Last Friday night, huddled together at the corner of 111th street and 5th Avenue in Harlem, a circle of about thirty individuals held hands. Their eyes were closed in prayer. The orange glow of the headlamps formed neon smudges against the black night sky. Two NYPD officers stood nearby, arms crossed, waiting. Opposite a church on the corner of 129th Street and 7th Avenue, a similar crowd looped around a stage, surrounded by blue lights and peace signs painted gold. Some youths lined up to perform raps and songs, which they had written themselves.
This was the last weekend of Occupy the Corners, an initiative created in response to the recent wave of shootings and organized by National Action Network (NAN), a not-for-profit civil rights organization. For the past four weekends, community activists, politicians, church leaders and local civilians have stood in solidarity at the most dangerous corners in New York, watching for any signs of violence.
On Friday, NAN founder and president, Reverend Al Sharpton, joined the campaigners.
“It’s important that our presence establishes that we are not going to give our corners to the hoodlums and the thugs,” Mr. Sharpton told the hushed crowd. “I’m glad to see the response. We had no idea we’d get to sixteen corners every weekend from 11 PM to 1 AM, but we’ve done it… Tomorrow night we’re going to spread national.”
“Amen!” chorused the locals.
“This is our last week of Occupy the Corners but this is not our last week of working together,” assured Tamika D. Mallory, the national executive director for NAN.
“Young people don’t have to live the way that they are living, ducking bullets,” chipped in Iesha Sekou, the executive director of Street Corner Resources.
Reverend and anti-violence activist Vernon Williams told The Observer why he was supporting Occupy the Corners.
“I know that people in this particular area say, why are you standing in that corner right there, and I say, because I know what goes down on this corner,” he declared. “When we leave here, like last week when we left here, there was a shooting. The week before that there was a fight. We know that our presence makes a difference.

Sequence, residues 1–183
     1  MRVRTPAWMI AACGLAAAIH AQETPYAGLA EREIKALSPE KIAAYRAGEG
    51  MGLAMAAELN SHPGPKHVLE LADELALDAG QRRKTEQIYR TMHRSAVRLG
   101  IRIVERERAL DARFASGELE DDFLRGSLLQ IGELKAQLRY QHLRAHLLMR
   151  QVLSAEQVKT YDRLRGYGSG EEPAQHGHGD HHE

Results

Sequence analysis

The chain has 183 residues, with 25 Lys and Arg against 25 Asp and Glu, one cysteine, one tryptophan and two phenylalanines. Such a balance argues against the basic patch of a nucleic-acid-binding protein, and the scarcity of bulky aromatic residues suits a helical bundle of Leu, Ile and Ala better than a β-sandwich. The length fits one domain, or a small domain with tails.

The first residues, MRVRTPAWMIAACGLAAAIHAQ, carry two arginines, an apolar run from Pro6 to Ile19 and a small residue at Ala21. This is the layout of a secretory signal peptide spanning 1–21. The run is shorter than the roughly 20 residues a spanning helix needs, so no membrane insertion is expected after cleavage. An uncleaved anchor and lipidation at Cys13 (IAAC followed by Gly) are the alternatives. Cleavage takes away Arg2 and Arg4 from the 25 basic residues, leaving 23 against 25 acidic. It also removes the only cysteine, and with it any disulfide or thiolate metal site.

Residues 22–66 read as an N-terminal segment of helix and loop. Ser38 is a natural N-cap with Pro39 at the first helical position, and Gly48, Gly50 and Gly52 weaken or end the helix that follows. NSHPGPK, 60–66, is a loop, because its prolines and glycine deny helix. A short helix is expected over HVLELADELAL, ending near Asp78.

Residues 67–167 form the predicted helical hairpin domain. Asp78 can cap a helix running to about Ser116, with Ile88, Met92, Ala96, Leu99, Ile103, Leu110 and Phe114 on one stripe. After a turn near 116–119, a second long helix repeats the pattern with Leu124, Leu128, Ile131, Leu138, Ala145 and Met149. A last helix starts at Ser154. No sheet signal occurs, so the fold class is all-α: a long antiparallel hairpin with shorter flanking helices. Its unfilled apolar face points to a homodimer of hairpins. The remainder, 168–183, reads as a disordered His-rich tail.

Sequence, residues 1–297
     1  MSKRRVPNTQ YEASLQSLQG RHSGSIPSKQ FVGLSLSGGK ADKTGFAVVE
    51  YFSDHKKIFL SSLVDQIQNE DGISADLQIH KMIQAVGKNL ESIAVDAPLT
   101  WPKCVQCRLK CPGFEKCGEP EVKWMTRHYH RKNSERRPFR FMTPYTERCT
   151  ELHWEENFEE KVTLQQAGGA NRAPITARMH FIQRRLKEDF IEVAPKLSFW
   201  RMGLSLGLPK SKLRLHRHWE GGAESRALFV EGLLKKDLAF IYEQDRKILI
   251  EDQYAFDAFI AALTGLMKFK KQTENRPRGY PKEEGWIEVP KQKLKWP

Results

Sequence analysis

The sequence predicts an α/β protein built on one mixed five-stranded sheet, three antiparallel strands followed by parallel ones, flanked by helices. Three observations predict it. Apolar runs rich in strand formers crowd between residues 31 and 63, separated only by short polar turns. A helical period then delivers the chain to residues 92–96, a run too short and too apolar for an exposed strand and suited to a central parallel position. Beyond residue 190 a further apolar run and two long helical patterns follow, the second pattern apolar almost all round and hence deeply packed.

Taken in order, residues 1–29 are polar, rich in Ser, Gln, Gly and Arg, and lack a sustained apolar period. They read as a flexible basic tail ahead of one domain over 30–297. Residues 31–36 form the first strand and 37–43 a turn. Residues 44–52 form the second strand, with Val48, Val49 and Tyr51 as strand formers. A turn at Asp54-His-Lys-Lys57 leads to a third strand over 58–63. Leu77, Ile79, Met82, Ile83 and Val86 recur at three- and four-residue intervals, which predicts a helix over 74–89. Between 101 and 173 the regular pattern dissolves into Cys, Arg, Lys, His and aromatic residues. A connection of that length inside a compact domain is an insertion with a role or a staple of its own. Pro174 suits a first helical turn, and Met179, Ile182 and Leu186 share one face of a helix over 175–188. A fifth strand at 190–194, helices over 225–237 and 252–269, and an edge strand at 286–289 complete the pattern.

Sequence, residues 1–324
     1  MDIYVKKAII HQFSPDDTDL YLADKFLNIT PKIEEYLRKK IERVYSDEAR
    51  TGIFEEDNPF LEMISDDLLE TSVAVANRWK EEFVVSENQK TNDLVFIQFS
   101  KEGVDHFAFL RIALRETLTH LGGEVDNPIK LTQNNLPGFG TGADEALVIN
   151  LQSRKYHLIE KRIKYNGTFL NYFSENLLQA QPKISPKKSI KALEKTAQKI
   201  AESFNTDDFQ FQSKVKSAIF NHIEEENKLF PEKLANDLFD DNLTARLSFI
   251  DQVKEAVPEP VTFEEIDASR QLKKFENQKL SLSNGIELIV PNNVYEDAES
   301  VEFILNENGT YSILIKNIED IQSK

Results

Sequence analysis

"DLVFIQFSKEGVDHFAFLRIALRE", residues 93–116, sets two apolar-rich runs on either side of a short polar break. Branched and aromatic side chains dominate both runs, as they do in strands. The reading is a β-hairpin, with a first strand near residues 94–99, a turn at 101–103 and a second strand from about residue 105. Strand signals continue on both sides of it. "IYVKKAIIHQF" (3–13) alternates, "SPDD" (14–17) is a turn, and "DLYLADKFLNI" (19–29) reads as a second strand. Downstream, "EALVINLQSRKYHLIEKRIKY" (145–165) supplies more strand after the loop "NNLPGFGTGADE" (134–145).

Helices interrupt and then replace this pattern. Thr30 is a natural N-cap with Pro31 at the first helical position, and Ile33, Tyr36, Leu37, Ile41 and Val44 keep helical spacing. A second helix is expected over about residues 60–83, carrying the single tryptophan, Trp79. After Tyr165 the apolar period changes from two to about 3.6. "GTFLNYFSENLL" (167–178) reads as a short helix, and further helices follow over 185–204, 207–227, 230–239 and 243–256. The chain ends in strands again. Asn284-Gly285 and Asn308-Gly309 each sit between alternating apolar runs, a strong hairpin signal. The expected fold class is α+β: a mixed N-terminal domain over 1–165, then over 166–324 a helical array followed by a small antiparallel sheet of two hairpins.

“Unfortunately, I’ve done a hundred-plus funerals of young people in the community,” Mr. Williams added, his voice shaking with anger. “This is my nephew’s mother, Reggie Andrews. He was murdered right here, in front of his house on his birthday, and that’s why I’m on this corner.”
A number of parents were present whose children had been killed in shootings. Nathan D. Allsbrooks’s mother and father set up a charity, the Nathan D. Allsbrooks Foundation, in memory of their son, whose life was cut short at fifteen. They were wearing T-shirts with a photograph of Nathan printed on them.
“My son was killed in 2008, just walking by. Someone senselessly came by and…” Cherise Smith trailed off, her eyes glistening with tears. “I see a lot of stuff on the news… It’s all in close proximity, you don’t know until it hits home, how horrific it can be. It ran on the news the whole week.”
Professional basketball player, Jayson Williams, who served an 18-month prison sentence for the manslaughter of Costas Christofi, offered a few words of comfort to Nathan’s father as he made a speech to the crowd.
“Dad, I can feel your pain, I’ve caused a lot of pain in my life and I’m here to try to make as much amends as I can,” Mr. Williams said softly. “I don’t pretend to have all the answers here, I’m still learning as I go, but I can assure you that I want to be a part of this, and anything I can do to reach the young people, and not-so-young people, to help stop the violence in our community, please call on me on me whenever.”
Basketball coach, Chez Williams, was present on behalf Taylonn Murphy, the father of Tayshana “Chicken” Murphy, who was murdered last September.
“She played basketball for me,” Mr. Williams explained. “Apparently, she was out late. Her brother got into a fight with another kid… and they came back after the fight to retaliate, and instead they shot Chicken, because she was outside. Chicken was eighteen. She had offers from all types of colleges.”
Over the weekend, NAN campaigners gathered together all over Manhattan, Bronx, Queens, Brooklyn and Staten Island, lighting up the darkest corners of New York City.
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